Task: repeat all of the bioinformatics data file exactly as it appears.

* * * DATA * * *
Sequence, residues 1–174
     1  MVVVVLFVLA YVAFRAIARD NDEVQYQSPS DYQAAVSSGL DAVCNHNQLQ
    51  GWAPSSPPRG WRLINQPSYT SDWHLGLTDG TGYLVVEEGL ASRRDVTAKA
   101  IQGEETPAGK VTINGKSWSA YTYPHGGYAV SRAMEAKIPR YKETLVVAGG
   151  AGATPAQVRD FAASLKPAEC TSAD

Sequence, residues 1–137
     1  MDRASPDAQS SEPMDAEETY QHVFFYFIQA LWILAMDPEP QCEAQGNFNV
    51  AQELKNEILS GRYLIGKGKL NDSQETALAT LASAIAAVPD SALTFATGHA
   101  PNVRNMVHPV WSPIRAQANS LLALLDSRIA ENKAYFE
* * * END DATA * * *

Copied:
Sequence, residues 1–174
     1  MVVVVLFVLA YVAFRAIARD NDEVQYQSPS DYQAAVSSGL DAVCNHNQLQ
    51  GWAPSSPPRG WRLINQPSYT SDWHLGLTDG TGYLVVEEGL ASRRDVTAKA
   101  IQGEETPAGK VTINGKSWSA YTYPHGGYAV SRAMEAKIPR YKETLVVAGG
   151  AGATPAQVRD FAASLKPAEC TSAD

Sequence, residues 1–137
     1  MDRASPDAQS SEPMDAEETY QHVFFYFIQA LWILAMDPEP QCEAQGNFNV
    51  AQELKNEILS GRYLIGKGKL NDSQETALAT LASAIAAVPD SALTFATGHA
   101  PNVRNMVHPV WSPIRAQANS LLALLDSRIA ENKAYFE